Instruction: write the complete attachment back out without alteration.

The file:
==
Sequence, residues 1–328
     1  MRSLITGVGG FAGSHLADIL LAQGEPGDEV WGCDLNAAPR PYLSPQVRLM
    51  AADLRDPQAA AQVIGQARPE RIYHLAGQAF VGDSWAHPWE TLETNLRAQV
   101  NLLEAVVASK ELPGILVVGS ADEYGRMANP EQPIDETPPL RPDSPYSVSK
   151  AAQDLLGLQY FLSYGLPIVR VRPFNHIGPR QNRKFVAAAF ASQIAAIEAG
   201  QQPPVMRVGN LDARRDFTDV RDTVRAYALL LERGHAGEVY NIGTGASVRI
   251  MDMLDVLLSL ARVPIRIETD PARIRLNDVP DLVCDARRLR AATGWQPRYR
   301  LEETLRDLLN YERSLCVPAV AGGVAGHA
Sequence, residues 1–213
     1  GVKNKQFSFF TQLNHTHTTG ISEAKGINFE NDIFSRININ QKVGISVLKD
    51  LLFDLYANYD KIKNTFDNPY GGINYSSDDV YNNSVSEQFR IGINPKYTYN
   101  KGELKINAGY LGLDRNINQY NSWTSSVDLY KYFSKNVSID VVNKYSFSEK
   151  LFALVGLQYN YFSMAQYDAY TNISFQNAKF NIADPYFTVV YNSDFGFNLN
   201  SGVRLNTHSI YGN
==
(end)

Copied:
Sequence, residues 1–328
     1  MRSLITGVGG FAGSHLADIL LAQGEPGDEV WGCDLNAAPR PYLSPQVRLM
    51  AADLRDPQAA AQVIGQARPE RIYHLAGQAF VGDSWAHPWE TLETNLRAQV
   101  NLLEAVVASK ELPGILVVGS ADEYGRMANP EQPIDETPPL RPDSPYSVSK
   151  AAQDLLGLQY FLSYGLPIVR VRPFNHIGPR QNRKFVAAAF ASQIAAIEAG
   201  QQPPVMRVGN LDARRDFTDV RDTVRAYALL LERGHAGEVY NIGTGASVRI
   251  MDMLDVLLSL ARVPIRIETD PARIRLNDVP DLVCDARRLR AATGWQPRYR
   301  LEETLRDLLN YERSLCVPAV AGGVAGHA
Sequence, residues 1–213
     1  GVKNKQFSFF TQLNHTHTTG ISEAKGINFE NDIFSRININ QKVGISVLKD
    51  LLFDLYANYD KIKNTFDNPY GGINYSSDDV YNNSVSEQFR IGINPKYTYN
   101  KGELKINAGY LGLDRNINQY NSWTSSVDLY KYFSKNVSID VVNKYSFSEK
   151  LFALVGLQYN YFSMAQYDAY TNISFQNAKF NIADPYFTVV YNSDFGFNLN
   201  SGVRLNTHSI YGN